Secret Cup weapon to break Roos
DENMARK has a secret weapon in its battle to break Australian hearts by knocking them out of the World Cup - its assistant coach Jon Dahl Tomasson.
Tomasson knows all too well the techniques and methods of Australian coach Bert van Marwijk as he played under him during the Dane's prolific spell at Dutch club Feyenoord in the early 2000s.
"I know the trainer, I know the coach,'' Tomasson said before Denmark trained in the Russian coastal city of Anapa on Monday.
"He wouldn't change his game plan, not at all."
Tomasson was playing for van Marwijk when Feyenoord won the old UEFA Cup final in 2002.
Tomasson scored a goal in the Dutch club's 3-2 triumph over Borussia Dortmund.
The Danish assistant, who scored 52 goals for Denmark in a long career, has also been keeping a close eye on his former manager since van Marwijk since he assumed the Socceroos' job following the resignation of Ange Postecoglou.
"I also read all the Dutch newspapers and I think they have been working defensively the last couple of weeks,'' he said.
"They have been training on the defensive part you can see that, a solid team, they don't give spaces away or not much.''
Tomasson said that as the Denmark team thrived on finding space, especially to release playmaker Christian Eriksen, "it's going to be difficult, but I think we can manage it''.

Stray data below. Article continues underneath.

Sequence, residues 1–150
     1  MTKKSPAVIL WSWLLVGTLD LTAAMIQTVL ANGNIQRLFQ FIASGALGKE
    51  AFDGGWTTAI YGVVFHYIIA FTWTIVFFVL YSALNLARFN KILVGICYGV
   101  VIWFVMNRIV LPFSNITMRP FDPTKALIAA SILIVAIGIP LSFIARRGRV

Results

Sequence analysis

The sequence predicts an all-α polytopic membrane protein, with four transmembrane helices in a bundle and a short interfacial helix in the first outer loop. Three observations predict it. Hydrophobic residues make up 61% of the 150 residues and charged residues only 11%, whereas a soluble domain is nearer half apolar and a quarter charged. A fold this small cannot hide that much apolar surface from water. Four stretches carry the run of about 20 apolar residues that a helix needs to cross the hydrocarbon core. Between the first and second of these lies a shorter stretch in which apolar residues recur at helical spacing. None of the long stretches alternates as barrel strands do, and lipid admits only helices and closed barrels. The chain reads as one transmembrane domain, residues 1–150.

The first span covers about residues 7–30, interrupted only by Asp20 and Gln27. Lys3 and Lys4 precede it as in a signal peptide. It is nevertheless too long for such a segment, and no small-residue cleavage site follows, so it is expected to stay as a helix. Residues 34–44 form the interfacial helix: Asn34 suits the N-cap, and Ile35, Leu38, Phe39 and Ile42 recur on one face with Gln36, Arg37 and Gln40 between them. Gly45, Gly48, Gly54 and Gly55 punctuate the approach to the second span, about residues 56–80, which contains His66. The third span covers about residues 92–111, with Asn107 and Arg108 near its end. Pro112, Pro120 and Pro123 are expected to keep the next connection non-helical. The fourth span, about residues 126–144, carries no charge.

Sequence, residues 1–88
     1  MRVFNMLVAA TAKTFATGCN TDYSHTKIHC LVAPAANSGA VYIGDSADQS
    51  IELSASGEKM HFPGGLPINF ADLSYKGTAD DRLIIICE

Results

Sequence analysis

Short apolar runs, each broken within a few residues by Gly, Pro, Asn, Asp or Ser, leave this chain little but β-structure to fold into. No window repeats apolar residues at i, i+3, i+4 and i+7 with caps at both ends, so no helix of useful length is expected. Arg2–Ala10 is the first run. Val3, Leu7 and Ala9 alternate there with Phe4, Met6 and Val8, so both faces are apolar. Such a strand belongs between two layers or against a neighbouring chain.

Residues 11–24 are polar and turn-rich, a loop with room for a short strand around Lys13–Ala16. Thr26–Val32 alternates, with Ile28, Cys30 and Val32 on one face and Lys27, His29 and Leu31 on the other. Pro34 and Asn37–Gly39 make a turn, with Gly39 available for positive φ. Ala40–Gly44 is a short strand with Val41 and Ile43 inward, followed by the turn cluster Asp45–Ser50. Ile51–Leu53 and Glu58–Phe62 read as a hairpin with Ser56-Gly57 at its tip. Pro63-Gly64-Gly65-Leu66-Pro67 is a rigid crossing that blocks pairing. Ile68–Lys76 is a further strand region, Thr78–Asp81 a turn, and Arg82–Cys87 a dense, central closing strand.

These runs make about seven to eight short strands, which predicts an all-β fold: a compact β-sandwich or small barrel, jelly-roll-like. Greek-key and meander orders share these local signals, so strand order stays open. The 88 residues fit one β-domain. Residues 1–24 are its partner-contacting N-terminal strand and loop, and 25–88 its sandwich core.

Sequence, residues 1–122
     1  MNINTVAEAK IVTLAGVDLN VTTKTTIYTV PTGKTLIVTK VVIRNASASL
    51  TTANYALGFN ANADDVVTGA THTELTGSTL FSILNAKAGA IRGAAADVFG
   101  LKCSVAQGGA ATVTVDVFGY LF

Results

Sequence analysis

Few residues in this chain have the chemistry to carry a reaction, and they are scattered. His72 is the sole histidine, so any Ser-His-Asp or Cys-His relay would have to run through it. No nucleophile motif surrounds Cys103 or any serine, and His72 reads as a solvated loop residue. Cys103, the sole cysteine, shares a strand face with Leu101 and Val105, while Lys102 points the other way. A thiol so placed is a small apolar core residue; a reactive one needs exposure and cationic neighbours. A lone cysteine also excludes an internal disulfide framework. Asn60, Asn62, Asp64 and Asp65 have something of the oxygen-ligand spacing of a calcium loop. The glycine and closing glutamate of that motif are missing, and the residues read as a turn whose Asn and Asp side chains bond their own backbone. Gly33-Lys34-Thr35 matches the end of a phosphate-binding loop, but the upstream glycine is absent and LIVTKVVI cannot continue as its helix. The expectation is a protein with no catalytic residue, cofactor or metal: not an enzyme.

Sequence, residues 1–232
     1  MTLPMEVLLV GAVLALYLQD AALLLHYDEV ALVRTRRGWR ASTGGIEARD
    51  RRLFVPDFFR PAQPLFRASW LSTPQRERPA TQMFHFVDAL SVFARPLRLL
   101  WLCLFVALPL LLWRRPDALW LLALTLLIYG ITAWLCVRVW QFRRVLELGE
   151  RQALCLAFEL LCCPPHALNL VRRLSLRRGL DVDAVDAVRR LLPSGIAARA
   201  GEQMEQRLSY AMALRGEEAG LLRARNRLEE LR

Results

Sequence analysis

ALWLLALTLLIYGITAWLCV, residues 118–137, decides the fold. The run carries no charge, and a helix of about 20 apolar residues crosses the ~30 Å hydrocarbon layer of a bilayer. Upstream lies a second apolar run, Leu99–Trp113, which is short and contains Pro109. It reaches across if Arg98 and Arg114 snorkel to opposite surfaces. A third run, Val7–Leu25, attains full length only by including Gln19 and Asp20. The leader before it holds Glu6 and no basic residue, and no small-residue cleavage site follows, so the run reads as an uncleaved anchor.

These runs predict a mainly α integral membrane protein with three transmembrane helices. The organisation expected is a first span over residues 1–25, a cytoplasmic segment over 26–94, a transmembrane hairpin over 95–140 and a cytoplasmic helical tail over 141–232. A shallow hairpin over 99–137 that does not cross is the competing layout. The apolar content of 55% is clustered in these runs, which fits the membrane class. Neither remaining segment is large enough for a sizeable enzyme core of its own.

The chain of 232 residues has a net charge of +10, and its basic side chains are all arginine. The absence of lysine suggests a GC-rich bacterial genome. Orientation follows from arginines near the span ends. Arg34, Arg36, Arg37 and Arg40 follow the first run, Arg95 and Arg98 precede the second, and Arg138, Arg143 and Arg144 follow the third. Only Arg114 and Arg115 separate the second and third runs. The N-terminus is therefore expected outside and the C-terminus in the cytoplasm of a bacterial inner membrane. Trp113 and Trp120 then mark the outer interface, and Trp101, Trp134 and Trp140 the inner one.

He also said that he was not concerned that Australia could take an overly physical approach, especially to nullify the threat of Eriksen.
Denmark, he said, had tough players as well.
Pointing to the 193cm forward Yussuf Poulsen, who scored the winner in Denmark's first game against Peru, Tomasson said "look at this guy, he's also an animal, we are strong, we are strong as well''.
Tomasson identified Australia's threat from set pieces and their ability to hit teams on the break as the Socceroos' biggest weapons.
Denmark's players conceded they had been lucky to topple Peru in the first game but now know a win against Australia will almost certainly guarantee them entry into the second round of the World Cup for the first time since 2002.
Quicksilver winger Pione Sisto said the team would learn about Australia during the week but would be prepared for a team that was vastly different in style to Peru and wouldn't underestimate the Socceroos.
"It was really difficult for France (against Australia),'' he said.
"These teams can be really difficult to play against. I have played against these teams a lot of times. It is actually tougher in a lot of ways.''